Monday, April 06, 2009

goals of a shorts program 7 - Create experience in house by bringing animation back

Sorry that I haven't done much writing lately. I have been madly putting together a George presentation for a pitch tomorrow, so have only had time to put up some pictures.

Here's a truncated version of the next installment of the shorts program series:

To Give Cartoonists Real Experience

A sensible shorts program wouldn't be sweeping the nation looking for the next inexperienced kid who has a an executive worthy idea. Yet this is what the networks do over and over again and never learn from it. They purposely look for people with little to zero experience. They think that these young prodigies will be untainted by knowledge so will therefore be more freely creative.

I say Hogwash! Let's do the most sensible thing, the THING that we have been avoiding for the last 35 years. The thing our business is called: Animation

Bring Back The Goddamn Animation

People in America need to learn from the ground floor up. They need to assist, then animate, then do layout, storyboards etc... until they gain enough experience to know how cartoons and their various departments work together.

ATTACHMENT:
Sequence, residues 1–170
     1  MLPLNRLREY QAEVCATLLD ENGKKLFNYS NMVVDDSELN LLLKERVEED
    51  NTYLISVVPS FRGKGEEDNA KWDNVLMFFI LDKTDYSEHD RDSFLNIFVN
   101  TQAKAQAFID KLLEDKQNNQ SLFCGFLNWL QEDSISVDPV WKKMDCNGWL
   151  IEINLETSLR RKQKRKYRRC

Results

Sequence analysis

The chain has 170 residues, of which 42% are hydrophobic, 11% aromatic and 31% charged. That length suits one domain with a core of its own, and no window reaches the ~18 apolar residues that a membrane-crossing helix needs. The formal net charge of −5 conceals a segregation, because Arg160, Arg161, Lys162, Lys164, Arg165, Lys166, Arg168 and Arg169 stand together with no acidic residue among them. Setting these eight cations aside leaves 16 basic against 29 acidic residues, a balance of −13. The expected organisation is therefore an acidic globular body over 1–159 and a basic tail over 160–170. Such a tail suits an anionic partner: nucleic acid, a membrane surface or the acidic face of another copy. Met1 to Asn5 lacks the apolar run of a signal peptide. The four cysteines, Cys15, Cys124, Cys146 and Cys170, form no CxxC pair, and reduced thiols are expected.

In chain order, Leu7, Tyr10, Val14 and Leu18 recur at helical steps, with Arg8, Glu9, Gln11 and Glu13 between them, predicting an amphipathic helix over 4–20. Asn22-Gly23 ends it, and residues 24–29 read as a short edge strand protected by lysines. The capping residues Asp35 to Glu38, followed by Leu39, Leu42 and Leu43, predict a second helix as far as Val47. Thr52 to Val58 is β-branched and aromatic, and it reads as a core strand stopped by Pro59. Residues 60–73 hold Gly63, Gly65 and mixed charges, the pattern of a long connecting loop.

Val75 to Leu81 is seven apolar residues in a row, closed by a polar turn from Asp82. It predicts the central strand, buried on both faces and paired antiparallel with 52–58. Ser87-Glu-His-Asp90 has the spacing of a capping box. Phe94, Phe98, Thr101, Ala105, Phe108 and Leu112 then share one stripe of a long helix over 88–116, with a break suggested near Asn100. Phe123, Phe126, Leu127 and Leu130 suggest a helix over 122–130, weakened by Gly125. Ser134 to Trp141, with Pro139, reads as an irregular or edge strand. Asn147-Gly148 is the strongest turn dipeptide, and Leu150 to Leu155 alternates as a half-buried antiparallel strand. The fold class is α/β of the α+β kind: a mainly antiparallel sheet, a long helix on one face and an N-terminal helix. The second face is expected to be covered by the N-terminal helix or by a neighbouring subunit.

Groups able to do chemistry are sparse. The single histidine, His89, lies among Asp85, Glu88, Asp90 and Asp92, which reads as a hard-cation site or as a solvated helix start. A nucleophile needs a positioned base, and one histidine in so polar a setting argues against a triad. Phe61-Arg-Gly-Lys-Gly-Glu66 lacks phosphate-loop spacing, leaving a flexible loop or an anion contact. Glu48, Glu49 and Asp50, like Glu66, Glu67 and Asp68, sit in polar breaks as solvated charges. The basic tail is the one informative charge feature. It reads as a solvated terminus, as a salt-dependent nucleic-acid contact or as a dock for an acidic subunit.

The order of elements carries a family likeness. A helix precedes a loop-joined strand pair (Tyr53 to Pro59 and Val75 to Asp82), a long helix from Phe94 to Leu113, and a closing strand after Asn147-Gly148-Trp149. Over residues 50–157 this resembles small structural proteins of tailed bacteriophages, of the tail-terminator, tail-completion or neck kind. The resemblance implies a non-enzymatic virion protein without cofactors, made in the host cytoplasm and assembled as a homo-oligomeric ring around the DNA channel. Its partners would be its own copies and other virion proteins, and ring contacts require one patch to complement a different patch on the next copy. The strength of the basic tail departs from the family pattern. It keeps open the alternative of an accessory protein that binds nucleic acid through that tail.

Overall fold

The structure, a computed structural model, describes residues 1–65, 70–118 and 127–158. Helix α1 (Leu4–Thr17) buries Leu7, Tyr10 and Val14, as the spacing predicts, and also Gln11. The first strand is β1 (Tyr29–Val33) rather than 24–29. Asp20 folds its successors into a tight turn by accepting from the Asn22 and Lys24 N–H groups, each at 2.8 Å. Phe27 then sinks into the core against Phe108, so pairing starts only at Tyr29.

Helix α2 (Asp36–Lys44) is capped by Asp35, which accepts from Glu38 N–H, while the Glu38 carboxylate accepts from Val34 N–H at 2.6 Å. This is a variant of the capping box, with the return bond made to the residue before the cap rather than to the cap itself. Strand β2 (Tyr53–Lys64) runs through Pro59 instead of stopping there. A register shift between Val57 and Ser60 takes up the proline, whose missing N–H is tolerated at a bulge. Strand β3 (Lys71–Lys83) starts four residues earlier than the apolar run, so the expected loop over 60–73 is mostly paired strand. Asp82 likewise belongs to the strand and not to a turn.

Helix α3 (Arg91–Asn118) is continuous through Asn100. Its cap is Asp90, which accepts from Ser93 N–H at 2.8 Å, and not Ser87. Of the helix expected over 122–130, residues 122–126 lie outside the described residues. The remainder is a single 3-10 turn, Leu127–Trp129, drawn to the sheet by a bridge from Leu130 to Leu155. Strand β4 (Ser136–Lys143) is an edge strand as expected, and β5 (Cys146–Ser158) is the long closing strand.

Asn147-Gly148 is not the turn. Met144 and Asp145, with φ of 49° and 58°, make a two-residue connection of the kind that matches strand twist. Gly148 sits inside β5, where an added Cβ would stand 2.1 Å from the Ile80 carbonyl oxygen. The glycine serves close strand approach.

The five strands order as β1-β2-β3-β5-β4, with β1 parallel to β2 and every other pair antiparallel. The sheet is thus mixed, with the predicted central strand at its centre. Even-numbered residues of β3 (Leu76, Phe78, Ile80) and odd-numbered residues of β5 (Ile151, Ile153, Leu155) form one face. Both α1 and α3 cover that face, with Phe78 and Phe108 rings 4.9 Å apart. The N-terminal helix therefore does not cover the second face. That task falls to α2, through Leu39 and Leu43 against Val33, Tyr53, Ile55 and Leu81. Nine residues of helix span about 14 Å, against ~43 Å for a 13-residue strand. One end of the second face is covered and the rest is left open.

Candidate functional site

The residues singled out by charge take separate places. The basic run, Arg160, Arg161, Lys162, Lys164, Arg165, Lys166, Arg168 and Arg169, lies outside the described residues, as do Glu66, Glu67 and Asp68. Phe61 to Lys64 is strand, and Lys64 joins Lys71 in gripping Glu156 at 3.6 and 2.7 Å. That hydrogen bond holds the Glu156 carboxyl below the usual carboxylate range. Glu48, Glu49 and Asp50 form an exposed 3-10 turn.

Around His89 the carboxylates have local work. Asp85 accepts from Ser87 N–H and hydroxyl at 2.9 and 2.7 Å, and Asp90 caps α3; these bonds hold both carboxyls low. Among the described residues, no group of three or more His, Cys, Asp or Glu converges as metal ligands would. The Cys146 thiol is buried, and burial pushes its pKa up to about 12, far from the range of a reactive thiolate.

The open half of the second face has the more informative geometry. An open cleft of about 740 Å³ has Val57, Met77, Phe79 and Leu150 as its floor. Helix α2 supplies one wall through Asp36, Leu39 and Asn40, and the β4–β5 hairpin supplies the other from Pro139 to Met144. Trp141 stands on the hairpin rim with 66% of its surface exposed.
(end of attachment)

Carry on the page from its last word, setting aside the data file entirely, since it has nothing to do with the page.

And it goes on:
And I don't mean animating it in flash. I mean drawing the stuff. For real.

The argument against this is that it's too expensive, and that may be true at some small places, but not at the majors. They have tons of money that doesn't ever make it to the screen. They just toss it out the window by spending it on too many execs, market research, bureaucracy, development departments, executive trips around the world, retreats, indecision, rewrites, too many department heads etc. etc.

Take that money and start a unit system. Put it directly on the screen with no waste and into the crews so that they can learn to make cartoons well.

Hell, HB made shorts for $3,000 when they started. With the budgets the big TV studios have today, they could do much better than that (although with less experienced animators). But that's the point!

Let's give them some experience. The shorts program IS the development budget. Start with the funniest most experienced director you can find and let him hire the artists he wants and start making cartoons. This is pure logic. There is no mystery science to this. No Hippie thinking. It's the quickest cheapest road to success and domination of the field.

Build Crews and let them get used to each other (Director's Teams)
Experiment Through Trial and Error, and Learn from mistakes and successes.

Crews should be able to remain together for stretches of time and over a bunch of cartoons as they try out assorted characters, not just one set.

More to come...